On the top of the mirror in their bathroom is a quote by Ghandi “Be the change you want to see in the world.” I’m not sure they’ve ever seen it. They’re teenage girls… their focus is on who is staring back at them. As it should be at this point. But, I have hope that one day they will look up.

When I was preparing their nursery, I agonized over paint swatch colors for weeks. I asked anyone who seemed to have a reasonable handle on humanity what color meant in the years spent forming an individual. I sincerely wanted a color that would be both soothing and stimulating and would help guarantee the inhabitant of the room acceptance into Julliard. The last person I asked for input replied “I think you’re asking too much of a color.”

I settled on a kind of blue/gray with a classic Winnie the Pooh wallpaper border. Pretty much the room became the hundred acre woods of Christopher Robin’s (and my) imagination. So far, my girls alternately resemble Tigger and Eeyore with the occasional Rabbit thrown in during finals.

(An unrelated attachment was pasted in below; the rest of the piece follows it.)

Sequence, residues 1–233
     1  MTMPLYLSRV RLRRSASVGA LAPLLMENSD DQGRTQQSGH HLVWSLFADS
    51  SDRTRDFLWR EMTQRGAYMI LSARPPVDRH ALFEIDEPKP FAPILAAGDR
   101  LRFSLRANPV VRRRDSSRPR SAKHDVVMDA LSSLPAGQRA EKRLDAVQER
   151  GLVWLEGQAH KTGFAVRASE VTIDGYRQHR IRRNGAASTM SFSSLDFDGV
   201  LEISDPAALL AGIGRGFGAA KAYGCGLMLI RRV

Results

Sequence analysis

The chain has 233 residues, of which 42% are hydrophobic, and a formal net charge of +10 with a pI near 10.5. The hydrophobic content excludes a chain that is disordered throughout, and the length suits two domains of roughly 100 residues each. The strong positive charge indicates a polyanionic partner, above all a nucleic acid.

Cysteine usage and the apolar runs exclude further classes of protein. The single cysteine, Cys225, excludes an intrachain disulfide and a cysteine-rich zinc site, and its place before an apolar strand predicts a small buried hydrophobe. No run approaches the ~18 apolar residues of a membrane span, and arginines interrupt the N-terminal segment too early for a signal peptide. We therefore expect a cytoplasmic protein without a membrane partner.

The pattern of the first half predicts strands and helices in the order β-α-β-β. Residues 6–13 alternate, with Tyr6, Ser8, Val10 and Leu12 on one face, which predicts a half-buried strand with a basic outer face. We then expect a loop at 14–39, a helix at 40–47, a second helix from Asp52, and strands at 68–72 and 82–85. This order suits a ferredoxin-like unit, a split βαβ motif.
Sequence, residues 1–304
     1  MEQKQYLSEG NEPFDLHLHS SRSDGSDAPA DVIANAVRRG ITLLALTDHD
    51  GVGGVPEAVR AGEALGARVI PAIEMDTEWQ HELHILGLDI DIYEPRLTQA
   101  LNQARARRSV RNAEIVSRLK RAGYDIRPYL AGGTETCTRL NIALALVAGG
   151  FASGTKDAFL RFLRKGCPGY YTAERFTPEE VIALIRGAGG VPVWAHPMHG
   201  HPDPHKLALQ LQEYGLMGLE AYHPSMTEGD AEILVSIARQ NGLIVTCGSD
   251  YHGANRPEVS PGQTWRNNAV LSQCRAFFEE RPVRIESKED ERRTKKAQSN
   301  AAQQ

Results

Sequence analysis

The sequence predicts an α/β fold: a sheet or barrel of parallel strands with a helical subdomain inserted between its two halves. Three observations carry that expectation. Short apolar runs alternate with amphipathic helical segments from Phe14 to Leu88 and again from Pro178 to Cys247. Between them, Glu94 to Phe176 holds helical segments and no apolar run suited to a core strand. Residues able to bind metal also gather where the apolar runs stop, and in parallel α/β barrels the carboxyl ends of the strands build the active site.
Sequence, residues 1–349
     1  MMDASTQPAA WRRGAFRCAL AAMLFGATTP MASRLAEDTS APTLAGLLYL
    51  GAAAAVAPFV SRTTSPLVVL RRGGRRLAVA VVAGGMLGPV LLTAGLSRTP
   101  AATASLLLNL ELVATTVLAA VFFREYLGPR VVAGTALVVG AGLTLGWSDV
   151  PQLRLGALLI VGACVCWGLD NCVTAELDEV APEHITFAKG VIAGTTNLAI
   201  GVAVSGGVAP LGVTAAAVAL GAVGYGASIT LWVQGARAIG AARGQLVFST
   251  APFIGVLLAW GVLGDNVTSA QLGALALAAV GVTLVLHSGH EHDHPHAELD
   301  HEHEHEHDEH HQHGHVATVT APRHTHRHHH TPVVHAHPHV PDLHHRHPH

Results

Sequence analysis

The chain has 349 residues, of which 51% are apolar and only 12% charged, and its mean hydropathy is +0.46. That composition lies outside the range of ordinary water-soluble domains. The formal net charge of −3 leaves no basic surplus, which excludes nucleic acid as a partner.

It seems to be critical what we hang on the walls of our homes, what we surround our children with during times of innocence and rest. I’m pretty sure my parents just thought that can-can dancer poster was funny. I loved it. For about 12 years it hung right over my head every night as I drifted to sleep. If my parents had hung a tapestry of the last supper over my head would I be closer to God? A pastor?

Can these seemingly innocent acts form the course of our destiny?

If Palmer had had a can-can dancer poster in his home growing up would he be throwing in a high kick every once in a while?

If my husband hadn’t seen Star Wars…well, I don’t have a comparison here…

It’s too soon to know the lives my children will lead. I hope Hannah is original and sweet and creative and delighted with small creatures, just like Cinderella. She actually is already. I hope the best things happen to her before midnight. I hope Talia never loses her hope to be – my hope, the hope of her generation. She has the capability. And the humor.

I guess as parents we are just doing whatever we can to not only keep our children alive, but guide them into the lives we hope they will lead. And maybe all the kids have to do is survive through our preconceived notions as to what will make a difference beyond survival.

Just to be clear, Julliard is off the table.